A new exhibition of works by artists Louise Bourgeois and BRACHA L.E, on view at the gallery’s online viewing room. "Two", surveys the practice of these prominent female artists across media and time spans.

7 January - 28 February 2022
  • Bracha L.E / Louise Bourgeois

  • Braverman Gallery is pleased to present "Two" a new exhibition of works by artists Louise Bourgeois and BRACHA L.E, on view at the gallery’s online viewing room. "Two", surveys the practice of these prominent female artists across media and time spans. Working in disparate formal vernaculars, the works of both artists can nonetheless be characterized by a deeply personal, uncompromising artistic style that explores trauma, femininity and memory and that challenges the hegemony of the defining movements of the 20th and 21st centuries. Over the past 25 years a multitude of conceptual and physical connections between Louise Bourgeois’ and BRACHA L.Es work have been established. Art historians such as Griselda Pollock, Catherine de Zegher and Rosi Huhnhave traced the commonalities shared by these important contemporary artists, despite their generational and geographical distances.

  • Bourgeois and BRACHA first exhibited side by side in the groundbreaking 1996 exhibition Inside the Visible  at the ICA Boston, MA (which traveled to the National Museum for Women in the Arts, Washington, DC; Whitechapel, Gallery, London, UK; and the Art Gallery of Western Australia, Perth, Australia). The exhibition featured works by Agnes Martin, Mona Hatum and Carrie Mae Weems, among others, and shone a spotlight on subliminal links that exist between female artists from different generations. Later Bourgeois and Ettinger were featured in the exhibitions Gorge(l): Oppression and relief in art  at the Royal Museum of Fine Arts, Antwerp, in 2006-2007 alongside Frida Kahlo, Marlene Dumas, Francesca Woodman, and more; and in Elles at Centre Pompidou, Paris (2010) which presented them, each in her different way and period, as pioneering artists alongside Ligya Clark and Sherri Levine.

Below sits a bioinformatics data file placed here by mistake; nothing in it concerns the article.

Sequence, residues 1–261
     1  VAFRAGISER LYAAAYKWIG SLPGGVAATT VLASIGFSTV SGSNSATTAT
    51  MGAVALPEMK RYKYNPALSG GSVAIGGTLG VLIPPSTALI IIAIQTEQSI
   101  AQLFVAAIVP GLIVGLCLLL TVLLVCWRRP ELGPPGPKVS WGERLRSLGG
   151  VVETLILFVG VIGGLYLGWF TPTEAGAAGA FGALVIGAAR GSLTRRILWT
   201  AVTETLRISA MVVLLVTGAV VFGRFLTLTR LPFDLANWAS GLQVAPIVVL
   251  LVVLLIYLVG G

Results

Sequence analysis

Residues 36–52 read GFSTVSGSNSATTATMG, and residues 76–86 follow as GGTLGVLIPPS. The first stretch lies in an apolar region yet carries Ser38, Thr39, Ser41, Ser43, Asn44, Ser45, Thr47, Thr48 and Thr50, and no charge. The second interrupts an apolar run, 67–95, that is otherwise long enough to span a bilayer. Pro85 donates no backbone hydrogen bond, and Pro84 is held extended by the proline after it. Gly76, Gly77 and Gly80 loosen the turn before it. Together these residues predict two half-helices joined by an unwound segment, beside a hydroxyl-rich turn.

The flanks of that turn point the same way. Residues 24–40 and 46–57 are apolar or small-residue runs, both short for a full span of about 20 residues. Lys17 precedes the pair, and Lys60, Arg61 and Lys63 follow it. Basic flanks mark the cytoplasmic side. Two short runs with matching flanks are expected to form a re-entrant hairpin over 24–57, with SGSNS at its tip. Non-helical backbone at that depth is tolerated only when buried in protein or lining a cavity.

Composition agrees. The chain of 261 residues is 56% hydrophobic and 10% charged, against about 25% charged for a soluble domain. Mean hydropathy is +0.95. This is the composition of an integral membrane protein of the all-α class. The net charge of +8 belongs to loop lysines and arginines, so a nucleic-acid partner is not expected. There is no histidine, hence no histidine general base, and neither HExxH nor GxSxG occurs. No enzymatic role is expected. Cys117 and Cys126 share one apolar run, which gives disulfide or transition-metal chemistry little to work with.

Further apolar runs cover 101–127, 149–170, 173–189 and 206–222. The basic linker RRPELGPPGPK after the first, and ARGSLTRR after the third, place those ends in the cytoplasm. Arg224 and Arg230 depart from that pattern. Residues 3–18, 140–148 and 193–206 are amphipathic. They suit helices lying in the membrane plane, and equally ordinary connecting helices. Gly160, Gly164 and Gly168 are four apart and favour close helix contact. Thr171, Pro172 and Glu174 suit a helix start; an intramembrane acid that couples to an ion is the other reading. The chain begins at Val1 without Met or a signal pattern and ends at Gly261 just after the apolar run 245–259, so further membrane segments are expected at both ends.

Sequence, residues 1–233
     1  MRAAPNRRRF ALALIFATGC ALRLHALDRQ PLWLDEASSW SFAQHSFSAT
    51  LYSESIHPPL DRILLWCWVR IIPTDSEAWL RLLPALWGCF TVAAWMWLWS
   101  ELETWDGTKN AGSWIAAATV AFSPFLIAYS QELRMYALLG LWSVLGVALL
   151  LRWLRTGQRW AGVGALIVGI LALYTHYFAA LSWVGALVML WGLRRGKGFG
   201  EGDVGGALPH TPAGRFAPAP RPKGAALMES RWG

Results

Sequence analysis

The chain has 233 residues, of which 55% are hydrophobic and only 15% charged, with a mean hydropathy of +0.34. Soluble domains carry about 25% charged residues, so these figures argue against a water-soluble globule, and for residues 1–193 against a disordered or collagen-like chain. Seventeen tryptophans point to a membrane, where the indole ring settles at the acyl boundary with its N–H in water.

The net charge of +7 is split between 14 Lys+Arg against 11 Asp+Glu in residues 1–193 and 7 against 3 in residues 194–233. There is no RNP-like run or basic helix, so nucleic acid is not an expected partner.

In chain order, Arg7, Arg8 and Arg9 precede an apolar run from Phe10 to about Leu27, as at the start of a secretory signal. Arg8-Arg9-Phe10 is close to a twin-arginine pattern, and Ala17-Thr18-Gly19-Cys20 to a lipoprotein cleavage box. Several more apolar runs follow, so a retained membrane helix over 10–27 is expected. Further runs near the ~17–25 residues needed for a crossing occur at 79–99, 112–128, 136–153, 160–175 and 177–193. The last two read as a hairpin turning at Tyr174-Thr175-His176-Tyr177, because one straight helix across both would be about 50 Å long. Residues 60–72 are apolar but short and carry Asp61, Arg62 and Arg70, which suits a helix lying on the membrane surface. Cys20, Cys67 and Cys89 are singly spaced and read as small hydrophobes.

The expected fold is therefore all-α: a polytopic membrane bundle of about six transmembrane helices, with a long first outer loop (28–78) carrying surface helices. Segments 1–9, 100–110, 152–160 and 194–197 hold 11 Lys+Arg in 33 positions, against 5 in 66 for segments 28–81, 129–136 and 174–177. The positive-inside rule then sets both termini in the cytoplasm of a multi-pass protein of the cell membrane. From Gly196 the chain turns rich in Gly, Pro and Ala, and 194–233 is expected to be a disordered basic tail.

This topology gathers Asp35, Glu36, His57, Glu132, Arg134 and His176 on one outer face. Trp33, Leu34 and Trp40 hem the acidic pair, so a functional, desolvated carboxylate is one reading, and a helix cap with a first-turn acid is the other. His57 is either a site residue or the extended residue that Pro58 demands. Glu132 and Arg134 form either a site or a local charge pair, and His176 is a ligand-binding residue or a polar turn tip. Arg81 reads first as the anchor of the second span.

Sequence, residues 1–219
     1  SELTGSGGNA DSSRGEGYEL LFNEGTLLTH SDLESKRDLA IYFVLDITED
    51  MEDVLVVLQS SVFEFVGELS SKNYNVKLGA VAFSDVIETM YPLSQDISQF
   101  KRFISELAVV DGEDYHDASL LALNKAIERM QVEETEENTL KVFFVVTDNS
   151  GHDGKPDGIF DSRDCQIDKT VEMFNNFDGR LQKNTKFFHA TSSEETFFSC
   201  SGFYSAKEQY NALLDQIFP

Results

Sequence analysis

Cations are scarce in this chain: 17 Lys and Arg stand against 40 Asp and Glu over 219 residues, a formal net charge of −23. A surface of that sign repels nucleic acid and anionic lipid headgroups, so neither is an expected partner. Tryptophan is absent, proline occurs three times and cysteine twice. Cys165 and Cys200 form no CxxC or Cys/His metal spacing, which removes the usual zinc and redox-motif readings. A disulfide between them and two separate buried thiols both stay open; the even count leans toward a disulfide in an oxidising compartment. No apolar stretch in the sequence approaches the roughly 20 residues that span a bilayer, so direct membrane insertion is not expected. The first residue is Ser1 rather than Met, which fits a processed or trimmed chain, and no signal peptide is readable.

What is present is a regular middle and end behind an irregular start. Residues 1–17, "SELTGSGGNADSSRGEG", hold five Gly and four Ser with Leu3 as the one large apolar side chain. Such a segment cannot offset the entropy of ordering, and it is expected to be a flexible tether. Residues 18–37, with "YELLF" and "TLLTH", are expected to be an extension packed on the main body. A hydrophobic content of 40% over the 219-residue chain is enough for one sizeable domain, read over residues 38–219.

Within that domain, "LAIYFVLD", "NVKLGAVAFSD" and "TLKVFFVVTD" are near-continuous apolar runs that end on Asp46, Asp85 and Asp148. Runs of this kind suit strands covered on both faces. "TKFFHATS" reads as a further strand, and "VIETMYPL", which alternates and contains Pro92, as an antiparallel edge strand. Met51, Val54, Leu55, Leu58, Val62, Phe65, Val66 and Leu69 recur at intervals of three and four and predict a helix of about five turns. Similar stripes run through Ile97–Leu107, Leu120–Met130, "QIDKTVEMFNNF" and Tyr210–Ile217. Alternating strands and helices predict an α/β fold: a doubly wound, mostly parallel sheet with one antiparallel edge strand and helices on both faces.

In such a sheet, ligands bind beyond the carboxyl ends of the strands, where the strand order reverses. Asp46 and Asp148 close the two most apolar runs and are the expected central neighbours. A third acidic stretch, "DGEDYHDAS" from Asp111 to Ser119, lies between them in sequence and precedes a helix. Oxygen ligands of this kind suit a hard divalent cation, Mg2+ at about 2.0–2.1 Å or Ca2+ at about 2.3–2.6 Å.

Currently, both artists’ works are exhibited in Psychic Wounds, the Warehouse, Dallas together with Eva Hesse, Cindy Sherman and Cecily Brown, Gerhard Richter, to name a few. Inside the Visible, Gorge(l), and Psychic Wounds are dynamic examples of an arc of exhibitions where, spanning the course of 25 years, the curators recognized BRACHA L. E's inspiration and invited her to contribute a theoretical article.  The connections between Louise Bourgeois' and BRACHA’s work have been esteemed in a variety of textual contexts, including Rosi Huhn’s essay “Louise Bourgeois: Deconstructing the Phallus within the Exile of the Self” where the art historian analyzed Bourgeois’ artistic expressions using BRACHA L.E concepts. Another example is the critically acclaimed book Women Artists of the Millennium (MIT Press, 2011), where each chapter was dedicated to a single female artist such as Bourgeois, BRACHA, Sally Mann, Pipiloti Rist and Francesca Woodman, published following a symposium by the same title, held at Princeton University in 2001, marking the 30-year anniversary of Linda Nochlin’s seminal essay “Why Have There Been No Great Women Artists?”. Another notable occasionwas Griselda Pollock’s lecture What if Art Desires to be Interpreted? Remodelling Interpretation after the ‘Encounter-Event held at the Tate Britain, July 2010.